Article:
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Local Modified racing hero Maynard Troyer remembered

In 1982, at the conclusion of the annual Race of Champions asphalt Modified event at Pocono Raceway, veteran area race announcer Ken Hangauer Jr., made a special handshake that day. It's one he will never forget and one that means even more the last few days.

Maynard Troyer, an area asphalt Modified driving hero who won numerous races and championships, drove his last race of his brilliant driving career that day. After the race was concluded, Hangauer went to the pits to offer congratulatory words and a handshake praising Troyer's storied career.

Troyer, 79, died this past Thursday following a long illness. His death has had many in the Western New York racing community remembering him.

Troyer's son, Kenny Troyer, was at Lancaster Speedway Saturday night spotting for driver Eric Beers in the Queen City Clash 75. Kenny, now retired as a driver, is Lancaster's 1986 asphalt Modified champion. Kenny was thinking of his late father and used Saturday's event as a bit of therapy as he copes with his loss.

"It's good to be here," Kenny said. "It's better to be busy than sitting at home and thinking about things. I'd rather be here doing something and helping. I love these race cars. My dad got me into racing. I've been going to the races since I was 2. It's what I enjoy doing and my dad did too. My dad would love that I'm here tonight involved with racing."

Hangauer announced many races that Maynard Troyer competed in at Lancaster Speedway.

Maynard Troyer is universally considered one of the greatest asphalt Modified drivers of all-time, in the same category with the late Richie Evans, Jerry Cook, Geoff Bodine, Jimmy Spencer, George Kent and a few others. He also launched a stock car building business in the Rochester area in 1977 that produced many winning chassis on asphalt and dirt.

"That day at Pocono I walked down and walked across the track," Hangauer said. "I went into his garage and I shook hands with Maynard and he thanked me. He said that he really appreciated me coming over. We both laughed because he knew that I was pretty close with Richie Evans. He said I know you're close with Richie, and I told Maynard it didn't make any difference. I told Maynard that day that I had great respect for him as a driver and crew chief. I told him he did a lot including building cars and that he had a terrific career."

Troyer was born in Plain City, Ohio, in 1938, and eventually moved to Upstate New York, living much of his life in Spencerport.

Troyer's  list of accomplishments behind the wheel is lengthy. Highlights included four asphalt Modified championships at Lancaster (1975, '76, '78, '79) and two at Spencer Speedway ('75 and '78). He won the prestigious Race of Champions in both 1976 and 1977. He competed in a few NASCAR Grand National (now Cup Series) races including the 1971 Daytona 500, where his car flipped more than 14 times on Lap 9. He suffered a concussion, bruises and a shoulder injury.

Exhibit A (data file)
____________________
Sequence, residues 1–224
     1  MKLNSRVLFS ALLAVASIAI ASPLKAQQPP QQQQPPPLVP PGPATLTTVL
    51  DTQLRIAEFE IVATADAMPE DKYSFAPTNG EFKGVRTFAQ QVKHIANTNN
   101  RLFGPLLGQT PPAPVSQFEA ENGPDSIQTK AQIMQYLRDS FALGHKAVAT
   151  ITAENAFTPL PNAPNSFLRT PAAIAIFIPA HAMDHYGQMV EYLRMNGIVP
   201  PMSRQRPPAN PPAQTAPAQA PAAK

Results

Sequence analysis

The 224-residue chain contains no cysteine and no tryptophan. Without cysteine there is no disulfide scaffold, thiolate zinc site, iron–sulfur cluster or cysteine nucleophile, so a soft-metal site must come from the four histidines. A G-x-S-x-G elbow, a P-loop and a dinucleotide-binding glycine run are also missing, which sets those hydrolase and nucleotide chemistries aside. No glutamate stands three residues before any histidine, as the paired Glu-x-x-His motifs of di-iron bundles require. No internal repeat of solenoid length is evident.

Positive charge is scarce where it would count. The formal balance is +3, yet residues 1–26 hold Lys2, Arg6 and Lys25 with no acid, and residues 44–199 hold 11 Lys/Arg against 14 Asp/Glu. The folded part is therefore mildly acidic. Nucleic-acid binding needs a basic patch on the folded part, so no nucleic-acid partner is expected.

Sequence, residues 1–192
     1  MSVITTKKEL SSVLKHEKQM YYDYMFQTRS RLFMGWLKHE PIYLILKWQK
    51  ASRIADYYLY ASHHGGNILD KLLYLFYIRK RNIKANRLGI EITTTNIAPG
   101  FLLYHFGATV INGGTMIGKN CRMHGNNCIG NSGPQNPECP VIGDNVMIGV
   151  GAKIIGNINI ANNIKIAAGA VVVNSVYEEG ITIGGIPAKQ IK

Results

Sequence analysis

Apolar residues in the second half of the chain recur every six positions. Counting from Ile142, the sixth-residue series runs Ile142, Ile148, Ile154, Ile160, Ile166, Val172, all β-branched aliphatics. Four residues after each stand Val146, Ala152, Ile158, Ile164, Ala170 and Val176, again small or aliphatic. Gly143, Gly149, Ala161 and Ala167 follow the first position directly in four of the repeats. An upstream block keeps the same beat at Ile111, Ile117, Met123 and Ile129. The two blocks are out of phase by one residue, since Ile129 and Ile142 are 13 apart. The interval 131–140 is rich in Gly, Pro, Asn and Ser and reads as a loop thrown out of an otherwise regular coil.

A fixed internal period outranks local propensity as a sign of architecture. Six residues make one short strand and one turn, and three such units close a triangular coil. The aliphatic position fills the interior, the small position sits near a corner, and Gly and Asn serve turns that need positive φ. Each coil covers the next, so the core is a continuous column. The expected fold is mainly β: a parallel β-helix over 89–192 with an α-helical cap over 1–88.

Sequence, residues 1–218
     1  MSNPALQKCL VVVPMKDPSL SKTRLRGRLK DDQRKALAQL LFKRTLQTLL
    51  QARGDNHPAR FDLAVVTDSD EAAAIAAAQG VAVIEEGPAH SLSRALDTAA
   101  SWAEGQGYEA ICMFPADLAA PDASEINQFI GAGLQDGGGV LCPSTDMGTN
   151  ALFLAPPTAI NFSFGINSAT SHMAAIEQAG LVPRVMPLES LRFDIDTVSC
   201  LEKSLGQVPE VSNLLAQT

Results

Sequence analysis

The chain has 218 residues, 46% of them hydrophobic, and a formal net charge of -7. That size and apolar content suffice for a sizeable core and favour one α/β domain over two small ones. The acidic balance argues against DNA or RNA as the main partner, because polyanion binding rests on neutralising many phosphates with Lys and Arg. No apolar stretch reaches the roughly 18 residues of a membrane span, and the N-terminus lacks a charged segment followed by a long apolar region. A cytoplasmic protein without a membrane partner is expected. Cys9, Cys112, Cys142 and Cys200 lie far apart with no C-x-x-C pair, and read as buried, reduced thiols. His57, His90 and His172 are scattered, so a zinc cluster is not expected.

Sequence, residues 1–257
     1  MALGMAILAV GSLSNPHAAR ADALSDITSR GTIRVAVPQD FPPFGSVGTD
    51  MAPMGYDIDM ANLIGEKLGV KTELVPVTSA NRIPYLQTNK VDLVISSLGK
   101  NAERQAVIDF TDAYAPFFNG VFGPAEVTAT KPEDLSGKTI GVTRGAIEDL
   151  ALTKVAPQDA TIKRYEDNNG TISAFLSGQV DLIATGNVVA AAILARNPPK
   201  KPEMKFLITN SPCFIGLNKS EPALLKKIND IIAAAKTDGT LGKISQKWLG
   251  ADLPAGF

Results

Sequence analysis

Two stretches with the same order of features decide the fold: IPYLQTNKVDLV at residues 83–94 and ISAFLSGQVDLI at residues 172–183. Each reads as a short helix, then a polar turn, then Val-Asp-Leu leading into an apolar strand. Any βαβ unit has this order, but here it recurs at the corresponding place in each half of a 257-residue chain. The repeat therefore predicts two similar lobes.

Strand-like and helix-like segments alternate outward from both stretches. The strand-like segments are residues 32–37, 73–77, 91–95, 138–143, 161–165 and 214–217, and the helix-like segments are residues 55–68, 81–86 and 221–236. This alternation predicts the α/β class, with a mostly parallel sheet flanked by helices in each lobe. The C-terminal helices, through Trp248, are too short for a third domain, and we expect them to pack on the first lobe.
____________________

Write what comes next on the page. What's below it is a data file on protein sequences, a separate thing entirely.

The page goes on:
"Maynard was a legendary driver," Hangauer said. "The man won the ROC, also the Spring Sizzler at Stafford (Conn.). He won everyplace he ever took his race car. The other thing is his race team was a class act. They came to the races and their car would be prestine, their hauler would be beautiful and his whole team was dressed in nice uniforms. He was way ahead of the game as far as knowing of how to present a good image of the sport."

Also, Troyer is being remembered as not just a great racer but a quality individual.

"Maynard was Amish and was a quiet man who let his gas-pedal foot do his talking," said former ROC official and good friend Marilyn Toal. "For all he accomplished he never bragged. It was very special days when Maynard and Richie were racing back then. We were very close friends and our daughter Colleen handled all the t-shirt and jacket sales for Maynard. His stuff was popular. Maynard was a class act."

Retired driver Jim Rudolph was wearing a big smile in the pit area Friday night at Ransomville Speedway after watching his grandson  Erick Rudolph win the 358 Modified race. Jim fondly recalled his racing days competing many times against Troyer.

"Maynard was a very nice gentleman," Jim said. "We had a lot of fun together. He was a true racer. He built some real good cars too. I raced all over New York State against him. I most remember the parties after the races with Maynard. We always had a few beers together. I'm sure Maynard would enjoy the fact that I'm still going to watch races and still drinking beer!"

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